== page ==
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The Honolulu Advertiser
Posted on: Tuesday, March 27, 2001

Symphony brings Mozart's music to life

 •  'Mozart Festival'

A Honolulu Symphony Halekulani

Classical MasterWorks concert

7:30 tonight, Blaisdell Concert Hall

$15-$55 (discounts available for students, seniors and military)

792-2000, 526-4400

By Gregory Shepherd
Advertiser Classical Music Critic

Symphony brings Mozart's music to life

One of the most remarkable aspects of Mozart's music is its utter simplicity of individual line: a scalar passage for the bassoons here, a folk-like tune for the horns there.

But taken together, these lines reveal a staggering complexity of design that is wholly free of artifice or self-consciousness, qualities that are embodied by his monumental Symphony No. 41 ("Jupiter").

Conductor Samuel Wong eschews the rollicking tempos that sometimes give the work a bit more propulsion than was in evidence on Sunday's Honolulu Symphony performance, but every detail of the work was brought out lovingly in his interpretation.

The opening chords were full without being bumptious, and the gentle chuckle of the flute and oboes promised a lightness that went on to be emphasized in each of the four movements.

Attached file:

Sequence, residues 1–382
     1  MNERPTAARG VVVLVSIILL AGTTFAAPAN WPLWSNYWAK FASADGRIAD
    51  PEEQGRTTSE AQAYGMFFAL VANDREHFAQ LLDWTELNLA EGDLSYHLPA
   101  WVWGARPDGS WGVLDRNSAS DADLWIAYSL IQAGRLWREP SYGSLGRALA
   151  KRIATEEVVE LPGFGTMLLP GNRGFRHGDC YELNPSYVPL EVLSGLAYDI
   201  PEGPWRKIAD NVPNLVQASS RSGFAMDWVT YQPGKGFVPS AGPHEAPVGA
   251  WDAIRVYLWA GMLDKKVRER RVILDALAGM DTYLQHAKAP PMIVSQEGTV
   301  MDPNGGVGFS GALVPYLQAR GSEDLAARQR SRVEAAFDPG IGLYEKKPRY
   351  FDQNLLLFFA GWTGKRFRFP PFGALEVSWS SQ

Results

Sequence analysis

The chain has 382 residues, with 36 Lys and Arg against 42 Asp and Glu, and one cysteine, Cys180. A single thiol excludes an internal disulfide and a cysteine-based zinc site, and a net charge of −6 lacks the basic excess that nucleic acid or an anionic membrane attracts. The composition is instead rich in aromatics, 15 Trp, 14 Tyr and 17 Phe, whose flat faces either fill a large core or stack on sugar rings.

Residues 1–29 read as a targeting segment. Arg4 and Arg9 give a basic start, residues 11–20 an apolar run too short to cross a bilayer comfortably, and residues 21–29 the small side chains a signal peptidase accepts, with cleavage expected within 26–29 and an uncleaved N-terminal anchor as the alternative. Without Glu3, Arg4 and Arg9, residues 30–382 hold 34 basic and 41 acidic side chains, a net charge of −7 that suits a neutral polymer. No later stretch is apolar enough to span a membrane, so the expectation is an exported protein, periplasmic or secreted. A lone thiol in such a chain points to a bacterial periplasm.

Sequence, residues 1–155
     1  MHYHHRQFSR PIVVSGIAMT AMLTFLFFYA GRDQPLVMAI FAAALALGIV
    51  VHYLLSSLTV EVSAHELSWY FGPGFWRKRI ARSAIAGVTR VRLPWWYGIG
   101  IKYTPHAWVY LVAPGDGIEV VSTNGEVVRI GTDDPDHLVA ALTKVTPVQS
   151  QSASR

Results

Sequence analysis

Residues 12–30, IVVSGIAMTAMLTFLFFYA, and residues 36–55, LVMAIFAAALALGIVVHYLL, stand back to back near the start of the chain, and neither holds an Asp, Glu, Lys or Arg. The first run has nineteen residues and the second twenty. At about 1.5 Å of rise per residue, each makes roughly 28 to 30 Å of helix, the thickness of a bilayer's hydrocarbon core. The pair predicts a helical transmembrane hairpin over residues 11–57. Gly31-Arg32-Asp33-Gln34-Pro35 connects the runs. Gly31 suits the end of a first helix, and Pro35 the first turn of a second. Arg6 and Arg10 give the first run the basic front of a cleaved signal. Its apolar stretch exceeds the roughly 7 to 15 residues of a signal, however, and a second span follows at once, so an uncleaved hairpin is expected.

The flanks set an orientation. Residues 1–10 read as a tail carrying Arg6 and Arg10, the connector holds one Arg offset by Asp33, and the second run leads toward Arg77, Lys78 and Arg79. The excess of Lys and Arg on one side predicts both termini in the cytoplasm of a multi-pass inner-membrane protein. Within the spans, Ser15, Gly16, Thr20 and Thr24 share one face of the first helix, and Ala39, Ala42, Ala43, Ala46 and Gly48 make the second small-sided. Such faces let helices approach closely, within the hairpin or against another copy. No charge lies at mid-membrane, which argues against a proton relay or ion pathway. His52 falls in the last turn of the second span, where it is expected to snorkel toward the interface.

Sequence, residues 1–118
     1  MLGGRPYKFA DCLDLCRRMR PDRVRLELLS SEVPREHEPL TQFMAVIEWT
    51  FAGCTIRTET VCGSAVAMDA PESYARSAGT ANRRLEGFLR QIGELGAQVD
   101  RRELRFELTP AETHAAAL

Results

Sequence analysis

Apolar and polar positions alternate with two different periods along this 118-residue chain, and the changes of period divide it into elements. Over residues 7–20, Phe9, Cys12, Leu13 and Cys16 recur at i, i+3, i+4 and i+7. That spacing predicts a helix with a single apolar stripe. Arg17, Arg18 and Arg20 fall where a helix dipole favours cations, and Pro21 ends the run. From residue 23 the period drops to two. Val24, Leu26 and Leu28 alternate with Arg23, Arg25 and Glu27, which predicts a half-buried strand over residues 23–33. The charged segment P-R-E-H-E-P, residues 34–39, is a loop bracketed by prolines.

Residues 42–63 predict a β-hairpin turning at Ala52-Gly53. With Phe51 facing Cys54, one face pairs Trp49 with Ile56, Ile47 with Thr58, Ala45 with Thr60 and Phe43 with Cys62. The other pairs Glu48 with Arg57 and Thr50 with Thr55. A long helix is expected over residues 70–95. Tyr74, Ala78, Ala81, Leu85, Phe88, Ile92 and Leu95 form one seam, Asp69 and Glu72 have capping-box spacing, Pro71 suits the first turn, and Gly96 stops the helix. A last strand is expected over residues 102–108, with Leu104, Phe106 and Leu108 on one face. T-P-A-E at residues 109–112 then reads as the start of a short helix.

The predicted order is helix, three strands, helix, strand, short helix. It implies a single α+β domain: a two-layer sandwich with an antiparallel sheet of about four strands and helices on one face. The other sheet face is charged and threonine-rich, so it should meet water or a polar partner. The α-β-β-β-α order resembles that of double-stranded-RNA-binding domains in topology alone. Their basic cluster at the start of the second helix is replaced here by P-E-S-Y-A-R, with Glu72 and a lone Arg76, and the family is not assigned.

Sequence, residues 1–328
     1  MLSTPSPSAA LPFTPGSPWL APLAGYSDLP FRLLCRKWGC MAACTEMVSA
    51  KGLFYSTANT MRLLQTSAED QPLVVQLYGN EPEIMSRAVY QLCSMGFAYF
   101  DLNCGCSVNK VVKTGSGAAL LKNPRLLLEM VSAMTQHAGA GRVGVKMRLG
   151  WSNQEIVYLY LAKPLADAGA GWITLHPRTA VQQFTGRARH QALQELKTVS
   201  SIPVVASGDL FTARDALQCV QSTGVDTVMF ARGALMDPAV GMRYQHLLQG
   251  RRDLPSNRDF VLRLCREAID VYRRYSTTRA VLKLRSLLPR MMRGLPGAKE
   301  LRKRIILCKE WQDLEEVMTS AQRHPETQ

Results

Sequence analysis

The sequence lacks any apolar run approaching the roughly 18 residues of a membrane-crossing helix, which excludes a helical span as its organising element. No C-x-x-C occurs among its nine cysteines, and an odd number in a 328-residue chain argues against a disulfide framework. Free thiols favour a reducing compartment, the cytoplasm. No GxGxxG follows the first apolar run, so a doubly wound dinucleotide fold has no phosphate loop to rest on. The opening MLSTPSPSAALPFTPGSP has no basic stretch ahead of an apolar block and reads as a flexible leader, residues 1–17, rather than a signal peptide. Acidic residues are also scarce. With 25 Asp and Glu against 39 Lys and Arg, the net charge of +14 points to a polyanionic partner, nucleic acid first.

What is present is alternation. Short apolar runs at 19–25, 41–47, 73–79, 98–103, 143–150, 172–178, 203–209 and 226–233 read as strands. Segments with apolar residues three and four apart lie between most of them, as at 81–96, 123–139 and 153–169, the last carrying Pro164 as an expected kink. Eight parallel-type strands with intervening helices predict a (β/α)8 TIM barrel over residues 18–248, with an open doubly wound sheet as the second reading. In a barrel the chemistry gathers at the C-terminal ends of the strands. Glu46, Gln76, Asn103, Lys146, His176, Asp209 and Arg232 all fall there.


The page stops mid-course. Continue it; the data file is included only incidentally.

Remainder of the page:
Balance and an elegant sense of ensemble gave the work a transparent clarity, most especially in the five themes of the final movement, which interact with each other like a quintet of personalities from one of his operas. This movement is one of the monuments of Western music, and Wong's direction allowed it to be heard in all its glorious detail.

The little-known Serenade No. 12 in C-minor offers a wealth of inspired detail in its own right, and the wind octet of Scott Janusch, Roger Wiesmeyer, Scott Anderson, Norman Foster, Paul Barrett, Philip Gottling, Ken Friedenberg and George Warnock negotiated its intricacies with good taste.

The prevailing darkness of mood of the work shows a side of Mozart that is rarely in evidence, and its ingenuity makes one wonder why it isn't performed more often. Apparently, Beethoven liked its fourth movement so much that he borrowed generously from it for the finale of his Piano Concerto No. 3.

Symphony No. 40 opened the program, and while the rhythmic figures of the final three movements were just right, the opening movement was taken too slow to be the Molto allegro that Mozart indicated.

Gregory Shepherd has been The Advertiser's classical music critic since 1987.